How Much Math Homework??

I am very curious about math homework in middle school, from a teacher perspective:     How much math homework do you give?     What kind of homework do you give?     How do you go over it in class? Let me explain why I ask these questions. I have taught 6th grade math for eight years, and every year, my goal is to "perfect" the homework issue. My basic issue is that I feel that I spend too much time going over it (not necessarily every day, but often). In the past, we have reviewed homework in the following ways:    1. going over answers as a class    2. self-checking answers that are on the board and sharing any questions    3. partner-checking and then verifying    4. choosing only a few problems to check When I taught elementary school (for 12 years), I never seemed to have this problem....we had 60 minutes for class and I never struggled to fit everything in. But at middle school, we have 44 minutes (minus time to switch for classes), and I just haven't fo

Workin' on It Wednesday

A super-quick post to share that I got something done today!  :-) After some cleaning, and QUITE a bit of time trying to work on my blog design (unsuccessfully!), I finally made myself get around to working on something for my classroom. I made "horizontal" and "vertical" signs to put above/beside my door frame. This idea was on Pinterest, and I believe it came from The Applicious Teacher's blog. Just need to get them laminated, and I can put them up in my room. Yay! Since I didn't get much school stuff done today, I better get myself moving a little earlier in the day tomorrow!

When is Lunch??

How do students get to know the schedule, teachers, principals, guidance counselors, locations, etc when they start at a new school?? When our sixth graders come to us, they are brand new to middle school, very nervous about such a large building, and have so many questions.....when do the class periods end, where is the nurse, how do the lockers work, WHEN IS LUNCH?? To help my homeroom students with all this information, I set aside time on the first day of school to have them find answers to some of these questions, using their assignment book/handbook. The information sheet I give them has about 30 questions about the school, including our homeroom number and the names of all the teachers on our team. This helps them get familiar with both their handbook and all of this new info. Then, over the next couple of days, we play "I Have, Who Has" with these questions several times. This really seems to help them learn and remember important details about their new school, and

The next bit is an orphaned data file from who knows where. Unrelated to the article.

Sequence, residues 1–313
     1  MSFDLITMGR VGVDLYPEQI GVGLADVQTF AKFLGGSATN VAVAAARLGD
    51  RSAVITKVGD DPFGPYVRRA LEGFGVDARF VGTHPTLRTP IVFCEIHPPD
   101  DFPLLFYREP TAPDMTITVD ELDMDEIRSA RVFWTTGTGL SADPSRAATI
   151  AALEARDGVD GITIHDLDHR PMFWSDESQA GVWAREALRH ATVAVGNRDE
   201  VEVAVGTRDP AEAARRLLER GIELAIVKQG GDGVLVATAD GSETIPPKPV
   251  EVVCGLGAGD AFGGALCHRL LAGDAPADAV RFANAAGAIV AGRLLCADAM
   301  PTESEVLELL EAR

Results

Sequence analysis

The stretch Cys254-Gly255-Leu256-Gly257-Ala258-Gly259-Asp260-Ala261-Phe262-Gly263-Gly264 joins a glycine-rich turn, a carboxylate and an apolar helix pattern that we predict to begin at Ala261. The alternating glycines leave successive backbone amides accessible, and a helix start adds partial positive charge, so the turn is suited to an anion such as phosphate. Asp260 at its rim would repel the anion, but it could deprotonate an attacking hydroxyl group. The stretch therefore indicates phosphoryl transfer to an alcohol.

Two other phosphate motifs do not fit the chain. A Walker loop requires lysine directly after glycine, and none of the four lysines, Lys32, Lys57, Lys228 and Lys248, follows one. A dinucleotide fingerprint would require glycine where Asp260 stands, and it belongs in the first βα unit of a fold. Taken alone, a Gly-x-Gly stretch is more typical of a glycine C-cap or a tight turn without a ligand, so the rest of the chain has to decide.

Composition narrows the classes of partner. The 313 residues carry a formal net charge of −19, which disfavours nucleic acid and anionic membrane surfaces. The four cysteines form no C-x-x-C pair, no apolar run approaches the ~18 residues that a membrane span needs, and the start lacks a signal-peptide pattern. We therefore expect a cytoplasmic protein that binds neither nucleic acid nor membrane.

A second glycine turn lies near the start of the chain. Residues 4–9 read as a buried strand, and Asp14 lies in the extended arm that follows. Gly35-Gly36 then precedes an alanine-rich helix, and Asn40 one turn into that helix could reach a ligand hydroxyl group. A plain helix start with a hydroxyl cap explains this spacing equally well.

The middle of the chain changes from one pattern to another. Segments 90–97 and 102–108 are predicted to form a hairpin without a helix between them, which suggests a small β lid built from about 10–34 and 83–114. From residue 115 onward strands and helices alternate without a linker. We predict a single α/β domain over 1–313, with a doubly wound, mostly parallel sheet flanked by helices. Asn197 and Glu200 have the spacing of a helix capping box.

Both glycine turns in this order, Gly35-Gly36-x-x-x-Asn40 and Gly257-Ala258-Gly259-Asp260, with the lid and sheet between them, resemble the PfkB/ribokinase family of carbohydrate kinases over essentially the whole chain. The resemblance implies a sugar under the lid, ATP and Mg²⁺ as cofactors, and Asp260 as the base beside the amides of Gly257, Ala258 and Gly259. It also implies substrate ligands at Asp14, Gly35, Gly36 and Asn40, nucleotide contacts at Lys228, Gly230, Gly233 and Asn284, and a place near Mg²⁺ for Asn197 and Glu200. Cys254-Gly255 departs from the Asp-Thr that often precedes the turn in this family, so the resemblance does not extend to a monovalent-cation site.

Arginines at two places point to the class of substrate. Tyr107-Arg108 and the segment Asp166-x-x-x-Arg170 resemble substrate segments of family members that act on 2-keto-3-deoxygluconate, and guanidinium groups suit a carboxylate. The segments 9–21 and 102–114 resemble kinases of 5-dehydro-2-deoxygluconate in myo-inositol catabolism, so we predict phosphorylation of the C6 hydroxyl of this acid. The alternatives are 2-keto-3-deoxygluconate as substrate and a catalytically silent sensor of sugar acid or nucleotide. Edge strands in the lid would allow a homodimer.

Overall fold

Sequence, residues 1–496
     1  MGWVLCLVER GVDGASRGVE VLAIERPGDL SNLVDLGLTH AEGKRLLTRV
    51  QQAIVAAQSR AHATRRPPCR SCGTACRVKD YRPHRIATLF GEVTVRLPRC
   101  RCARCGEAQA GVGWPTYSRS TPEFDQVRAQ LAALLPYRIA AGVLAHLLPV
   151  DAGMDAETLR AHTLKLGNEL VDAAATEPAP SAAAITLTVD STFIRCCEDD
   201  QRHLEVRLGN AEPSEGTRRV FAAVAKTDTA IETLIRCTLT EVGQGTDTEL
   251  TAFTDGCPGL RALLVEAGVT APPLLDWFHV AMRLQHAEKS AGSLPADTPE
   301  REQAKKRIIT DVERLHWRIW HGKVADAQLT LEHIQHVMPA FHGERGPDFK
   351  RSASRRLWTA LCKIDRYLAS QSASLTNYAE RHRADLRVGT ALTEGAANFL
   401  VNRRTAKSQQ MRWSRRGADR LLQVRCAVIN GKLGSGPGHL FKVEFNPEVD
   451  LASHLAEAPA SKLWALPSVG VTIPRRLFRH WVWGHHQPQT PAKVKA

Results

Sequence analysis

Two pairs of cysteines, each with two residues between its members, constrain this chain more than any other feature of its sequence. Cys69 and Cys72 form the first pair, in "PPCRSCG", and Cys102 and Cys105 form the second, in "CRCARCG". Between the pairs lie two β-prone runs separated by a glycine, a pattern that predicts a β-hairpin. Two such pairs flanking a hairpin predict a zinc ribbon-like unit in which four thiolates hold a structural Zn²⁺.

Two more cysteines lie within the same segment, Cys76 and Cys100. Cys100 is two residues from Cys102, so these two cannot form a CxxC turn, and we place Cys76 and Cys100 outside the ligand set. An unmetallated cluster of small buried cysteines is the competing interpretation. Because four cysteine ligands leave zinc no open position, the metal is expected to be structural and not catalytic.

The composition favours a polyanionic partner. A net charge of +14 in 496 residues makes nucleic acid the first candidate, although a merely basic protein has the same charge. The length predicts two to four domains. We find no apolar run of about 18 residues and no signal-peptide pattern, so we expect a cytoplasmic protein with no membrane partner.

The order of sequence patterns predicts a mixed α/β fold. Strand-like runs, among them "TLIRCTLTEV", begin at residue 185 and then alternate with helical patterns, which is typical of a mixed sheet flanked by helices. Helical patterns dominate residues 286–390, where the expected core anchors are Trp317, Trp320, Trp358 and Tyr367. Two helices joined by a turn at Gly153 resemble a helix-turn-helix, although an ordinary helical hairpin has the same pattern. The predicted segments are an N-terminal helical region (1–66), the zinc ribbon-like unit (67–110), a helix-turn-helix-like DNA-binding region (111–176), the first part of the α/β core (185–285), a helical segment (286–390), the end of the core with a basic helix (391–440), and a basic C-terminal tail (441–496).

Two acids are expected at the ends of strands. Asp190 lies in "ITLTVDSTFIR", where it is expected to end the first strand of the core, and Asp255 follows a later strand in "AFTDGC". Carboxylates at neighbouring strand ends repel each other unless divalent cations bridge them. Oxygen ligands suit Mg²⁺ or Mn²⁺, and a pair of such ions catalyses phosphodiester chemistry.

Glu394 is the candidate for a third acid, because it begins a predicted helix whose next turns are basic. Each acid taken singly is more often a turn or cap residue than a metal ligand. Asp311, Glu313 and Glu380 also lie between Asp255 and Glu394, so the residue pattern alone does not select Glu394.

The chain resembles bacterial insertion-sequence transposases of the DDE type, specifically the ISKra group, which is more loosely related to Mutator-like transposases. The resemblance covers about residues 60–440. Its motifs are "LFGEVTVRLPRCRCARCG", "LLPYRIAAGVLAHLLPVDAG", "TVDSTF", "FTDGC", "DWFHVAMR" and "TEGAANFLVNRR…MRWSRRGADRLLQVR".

Math Class - First Day Activity

Rectangle of pentominoes Many 6th graders seem to have a pretty negative attitude about math, so I try to do something interesting to "grab" them during our first class. Last year, during the first math class, we spent part of the period working with pentominoes. Before working with the pentominoes, however, we played a name game so we could learn each others' names (I find it impossible to start anything else if I don't know some names, and fortunately, I learn them fairly quickly). rectangle outline For the activity, I divided the students into groups of 3 or 4. The directions for the activity were not complicated - the task was to make a rectangle, using all of the pentominoes. I gave students an outline of the rectangle, as pictured to the left, so they would know the correct size of the rectangle. The squares in the grid are each one inch. The rectangle is 5 squares (inches) wide and 13 inches long (13 inches includes the row that has the "Pent

Mental Gymnastics...whew!

When I woke up this morning, my first thought was, "I'm done!" I've spent most of the summer working on a book of daily math problems for my math classes, and I finally finished (this morning at 2 a.m.....I wasn't going to bed until I was done). I've been working on it almost nonstop for the past week because I just wanted to get it DONE.  I feel so free today! Mental Gymnastics is the name I use for our warm ups/daily math/problem of the day. A few years ago, I decided that I needed a different name for warm ups and thought Mental Gymnastics was appropriate. I usually call it MG for short. I decided to make my own book, because I just haven't found a resource that I really like. For a few years, I used the Daily Math Review by Evan Moor, but that goes by week (Week 1 Mon, Tues, Wed....Week 2, Mon, Tues Wed). If we skipped a day, we were on the "wrong" day of the week. So, I made my MG go by numbers, 1-180. I also included fewer problems e